We often notice that the bottom anchors make athletes maintain connection to foot and ground better. The top anchors provide a better feel for trunk control and rotation. When an athlete needs to feel the “hinge” and “riding the slope” more in their movement, we often challenge with the bottom anchors more (hip). If an athlete struggles with core control, trunk rotation, or getting out of the rear hip, we attach more to the top clips.
Angles of the band/tension is also important to feel the movement and added resistance or pull. Personally, I will challenge the rear hip behind the body connected downhill to a connection in front of the athlete (shown right). This is to emphasize rear hip riding the slope and maintaining a vertical shin into hip rotation. Most athletes struggle here. We will work on “hip drive” and backside stability by connecting to rear him from second base as well.
Also, if an athlete struggles with rotation, pelvic sequencing to trunk, or has poor rotational power, we will attach to the lead hip and try to “speed them up”. For a RHP, this would mean me holding the band on his 1B side and pulling him into over rotation and challenging him to rotate quicker but with stability.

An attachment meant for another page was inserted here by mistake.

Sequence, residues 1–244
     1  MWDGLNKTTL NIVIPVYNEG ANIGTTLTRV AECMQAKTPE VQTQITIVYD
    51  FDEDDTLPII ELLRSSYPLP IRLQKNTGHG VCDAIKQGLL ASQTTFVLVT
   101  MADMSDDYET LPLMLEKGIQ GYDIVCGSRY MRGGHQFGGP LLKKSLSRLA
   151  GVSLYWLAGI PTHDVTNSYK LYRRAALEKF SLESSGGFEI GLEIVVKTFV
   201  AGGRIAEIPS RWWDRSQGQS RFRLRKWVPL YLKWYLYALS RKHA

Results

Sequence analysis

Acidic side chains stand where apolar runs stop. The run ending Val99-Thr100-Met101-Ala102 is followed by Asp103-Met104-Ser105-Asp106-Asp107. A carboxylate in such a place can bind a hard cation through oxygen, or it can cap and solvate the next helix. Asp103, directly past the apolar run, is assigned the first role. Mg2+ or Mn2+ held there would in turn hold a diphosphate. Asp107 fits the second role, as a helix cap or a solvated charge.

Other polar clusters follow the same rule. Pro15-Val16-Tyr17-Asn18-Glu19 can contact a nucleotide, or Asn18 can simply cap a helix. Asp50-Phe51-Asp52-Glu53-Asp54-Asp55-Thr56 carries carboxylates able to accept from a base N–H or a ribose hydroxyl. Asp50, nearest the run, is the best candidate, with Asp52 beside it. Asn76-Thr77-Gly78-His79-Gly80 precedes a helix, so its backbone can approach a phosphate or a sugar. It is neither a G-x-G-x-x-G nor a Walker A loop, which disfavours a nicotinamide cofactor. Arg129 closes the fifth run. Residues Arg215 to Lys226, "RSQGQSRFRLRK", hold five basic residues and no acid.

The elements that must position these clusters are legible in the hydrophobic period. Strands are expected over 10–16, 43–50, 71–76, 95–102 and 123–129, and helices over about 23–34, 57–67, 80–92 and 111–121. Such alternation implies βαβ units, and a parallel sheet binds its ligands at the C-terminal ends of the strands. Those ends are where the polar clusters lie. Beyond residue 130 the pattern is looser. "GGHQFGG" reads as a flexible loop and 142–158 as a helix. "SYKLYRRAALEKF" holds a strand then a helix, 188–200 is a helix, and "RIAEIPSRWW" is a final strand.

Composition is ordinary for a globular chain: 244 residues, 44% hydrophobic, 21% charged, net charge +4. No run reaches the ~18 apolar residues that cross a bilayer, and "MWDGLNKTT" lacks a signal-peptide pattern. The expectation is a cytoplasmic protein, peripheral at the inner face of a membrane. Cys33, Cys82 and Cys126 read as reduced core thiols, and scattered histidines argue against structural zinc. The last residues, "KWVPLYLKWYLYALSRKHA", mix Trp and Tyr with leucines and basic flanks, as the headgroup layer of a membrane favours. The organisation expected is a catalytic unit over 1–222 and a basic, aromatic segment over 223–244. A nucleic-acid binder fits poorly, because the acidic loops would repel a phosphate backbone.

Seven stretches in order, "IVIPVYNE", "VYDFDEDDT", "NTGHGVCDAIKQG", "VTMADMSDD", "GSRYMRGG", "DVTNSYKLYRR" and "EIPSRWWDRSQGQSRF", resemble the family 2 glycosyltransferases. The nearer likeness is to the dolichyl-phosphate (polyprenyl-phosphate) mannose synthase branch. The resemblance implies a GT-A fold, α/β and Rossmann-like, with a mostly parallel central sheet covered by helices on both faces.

Most will struggle understanding how much tension is needed or wanted. As Lantz (@lantzwheeler) says best, “Less can be more”. Controlling the resistance and stabilizing movements is more important than trying to build up a large amount of tension in the movements.
As mentioned before, there is no right way to use the CVB other than to assess and diagnose deficiencies and attack them through different angles and tensions. The more comfortable an athlete can get with added tension/pull from different angles, the more feel they will gain with their movements.
The most under appreciated aspect of developing better throwing athletes. We limit the time to throw, give little guidance on how to progress in catch play, and yell when it looks sloppy. Now, there are a million ways to instill a proper catch progression. We prefer a few staples in our catch play to focus on upper trunk rotation, arm action, and adding specific lower half movements as we move back into a long toss.
Catch Play Drills:
Opposite Knee Throws (for youth throwers mainly) - 10-25ft
Pivot Picks - 10-45ft
Roll-Ins - 45-60ft